Speed Sensors For Non-GPS-Based Systems

Non-GPS-based data acquisition systems rely totally on a wheel speed sensor as the basis for data collection. The more care and thought you put into this aspect of setting up your system, the more reliable and accurate your data will be, especially when it comes to comparing data from different bikes or different sessions where the bike’s setup may have changed.

Countershaft speed sensor

As most motorcycles have a speed sensor as standard equipment, it’s a simple matter to tap into the wiring harness and use that sensor. Unfortunately, many measure at the countershaft sprocket or work from one of the transmission gears, meaning final gearing must also be taken into account.

Wheel speed sensor

A standard wheel speed sensor uses a magnet or a series of objects – such as bolt heads – passing by the sensor to determine the wheel’s rotational velocity. From this, speed and distance are calculated.

A wheel speed sensor measures rotational speed of the wheel, and that must be converted into straight-line distance by factoring in the circumference of the tire. You must measure this accurately and input it into the logger’s configuration file, keeping in mind that every time you change to a different size or brand of tire this may change. It’s increasingly common to use the speedometer sensor that is standard on many bikes, and this adds another complication as gearing must be taken into account. Depending on the logger’s software, the gearing values may be able to be input separately, or you may have to fudge the tire’s circumference to factor in the gearing. For example, if your tire measures 1800mm and you are using a 15/45 gearing combination, the value would change to 1800 * 15 / 45, or 600mm.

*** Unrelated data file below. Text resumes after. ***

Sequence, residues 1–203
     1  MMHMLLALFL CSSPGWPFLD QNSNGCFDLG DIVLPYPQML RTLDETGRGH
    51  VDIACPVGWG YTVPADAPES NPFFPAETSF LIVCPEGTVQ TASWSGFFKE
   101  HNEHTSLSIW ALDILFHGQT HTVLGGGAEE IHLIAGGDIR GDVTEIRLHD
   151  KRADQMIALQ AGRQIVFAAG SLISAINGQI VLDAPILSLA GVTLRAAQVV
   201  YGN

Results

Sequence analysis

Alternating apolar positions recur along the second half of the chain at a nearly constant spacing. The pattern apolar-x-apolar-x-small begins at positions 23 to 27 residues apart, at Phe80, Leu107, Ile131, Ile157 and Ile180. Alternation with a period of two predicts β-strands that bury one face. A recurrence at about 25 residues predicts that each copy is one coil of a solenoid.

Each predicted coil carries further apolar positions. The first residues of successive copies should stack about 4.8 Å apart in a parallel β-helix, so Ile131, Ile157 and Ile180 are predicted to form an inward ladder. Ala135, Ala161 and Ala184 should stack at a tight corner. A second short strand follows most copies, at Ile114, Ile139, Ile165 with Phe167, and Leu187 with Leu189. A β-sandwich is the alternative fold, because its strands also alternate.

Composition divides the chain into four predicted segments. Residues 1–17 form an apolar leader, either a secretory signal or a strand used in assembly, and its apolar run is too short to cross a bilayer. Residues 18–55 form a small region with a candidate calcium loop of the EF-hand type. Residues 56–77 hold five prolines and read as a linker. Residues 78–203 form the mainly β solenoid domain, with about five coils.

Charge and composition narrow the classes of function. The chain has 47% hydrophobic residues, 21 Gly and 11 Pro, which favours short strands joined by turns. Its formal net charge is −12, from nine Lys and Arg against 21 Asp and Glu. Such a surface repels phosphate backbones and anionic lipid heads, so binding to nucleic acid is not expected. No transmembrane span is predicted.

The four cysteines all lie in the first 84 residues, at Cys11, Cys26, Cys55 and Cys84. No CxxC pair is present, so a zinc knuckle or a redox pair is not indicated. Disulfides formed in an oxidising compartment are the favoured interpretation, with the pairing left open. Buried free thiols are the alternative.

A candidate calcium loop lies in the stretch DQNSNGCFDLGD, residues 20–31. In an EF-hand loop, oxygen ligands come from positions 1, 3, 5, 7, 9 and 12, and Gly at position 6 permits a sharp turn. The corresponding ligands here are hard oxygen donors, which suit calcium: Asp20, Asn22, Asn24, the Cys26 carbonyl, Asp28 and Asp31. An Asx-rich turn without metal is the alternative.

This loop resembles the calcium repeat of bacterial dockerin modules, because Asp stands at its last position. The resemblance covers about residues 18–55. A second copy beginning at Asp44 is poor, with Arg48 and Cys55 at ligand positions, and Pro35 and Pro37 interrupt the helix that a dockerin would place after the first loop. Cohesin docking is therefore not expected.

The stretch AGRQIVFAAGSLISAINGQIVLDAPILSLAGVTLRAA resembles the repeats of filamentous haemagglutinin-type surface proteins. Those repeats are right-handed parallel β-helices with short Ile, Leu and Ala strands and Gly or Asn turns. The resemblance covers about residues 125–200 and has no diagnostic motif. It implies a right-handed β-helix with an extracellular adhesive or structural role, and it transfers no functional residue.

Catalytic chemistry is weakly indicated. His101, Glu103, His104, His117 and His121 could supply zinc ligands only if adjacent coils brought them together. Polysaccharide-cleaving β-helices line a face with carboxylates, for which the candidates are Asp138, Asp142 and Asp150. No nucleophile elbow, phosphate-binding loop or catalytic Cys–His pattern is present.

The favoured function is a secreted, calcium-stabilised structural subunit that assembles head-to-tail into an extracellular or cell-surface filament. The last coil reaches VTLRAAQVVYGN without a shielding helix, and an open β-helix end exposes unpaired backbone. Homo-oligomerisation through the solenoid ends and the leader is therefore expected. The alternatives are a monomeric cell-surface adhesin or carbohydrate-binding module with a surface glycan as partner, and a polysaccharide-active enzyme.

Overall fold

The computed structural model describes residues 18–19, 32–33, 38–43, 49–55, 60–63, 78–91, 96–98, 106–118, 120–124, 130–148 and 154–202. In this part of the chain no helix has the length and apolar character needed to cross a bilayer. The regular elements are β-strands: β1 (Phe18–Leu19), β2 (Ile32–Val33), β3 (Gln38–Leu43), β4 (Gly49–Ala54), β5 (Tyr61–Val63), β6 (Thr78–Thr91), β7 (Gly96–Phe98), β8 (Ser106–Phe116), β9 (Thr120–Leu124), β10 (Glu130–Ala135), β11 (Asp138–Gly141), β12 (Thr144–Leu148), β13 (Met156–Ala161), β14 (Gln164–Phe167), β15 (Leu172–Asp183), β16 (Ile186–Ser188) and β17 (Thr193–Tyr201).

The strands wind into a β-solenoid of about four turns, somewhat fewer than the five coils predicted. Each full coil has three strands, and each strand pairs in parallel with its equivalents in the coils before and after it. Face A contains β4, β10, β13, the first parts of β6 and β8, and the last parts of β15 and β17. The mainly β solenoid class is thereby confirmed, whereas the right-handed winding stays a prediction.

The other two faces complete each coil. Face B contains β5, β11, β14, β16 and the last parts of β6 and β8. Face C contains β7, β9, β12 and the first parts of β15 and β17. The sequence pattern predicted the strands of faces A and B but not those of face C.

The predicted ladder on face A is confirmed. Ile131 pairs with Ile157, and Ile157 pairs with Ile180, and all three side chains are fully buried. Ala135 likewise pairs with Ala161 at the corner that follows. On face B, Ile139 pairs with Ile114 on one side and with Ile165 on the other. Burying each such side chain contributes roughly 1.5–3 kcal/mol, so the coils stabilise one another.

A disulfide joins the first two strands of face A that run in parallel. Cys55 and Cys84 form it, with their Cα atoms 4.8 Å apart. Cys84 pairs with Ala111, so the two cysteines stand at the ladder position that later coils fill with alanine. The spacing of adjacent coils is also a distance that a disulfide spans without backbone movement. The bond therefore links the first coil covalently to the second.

A standard wheel speed sensor utilizes a small magnet on the wheel, passing by the sensor once each revolution. Some internal sensors, however, have more than one “pulse” per revolution, and this also must be input into the configuration file. Sometimes you can look at the sensor arrangement and see the number of poles – for example, Suzuki GSX-R models work off a nut with four raised faces, giving four pulses per revolution. Others measure the rotation of one of the gears in the transmission, and for this you will have to look up how many teeth are on the gear used. This may require some digging and some experimentation to find the correct number. Again, keep in mind that if you change your bike’s gearing, this must be taken into account in the software or configuration.

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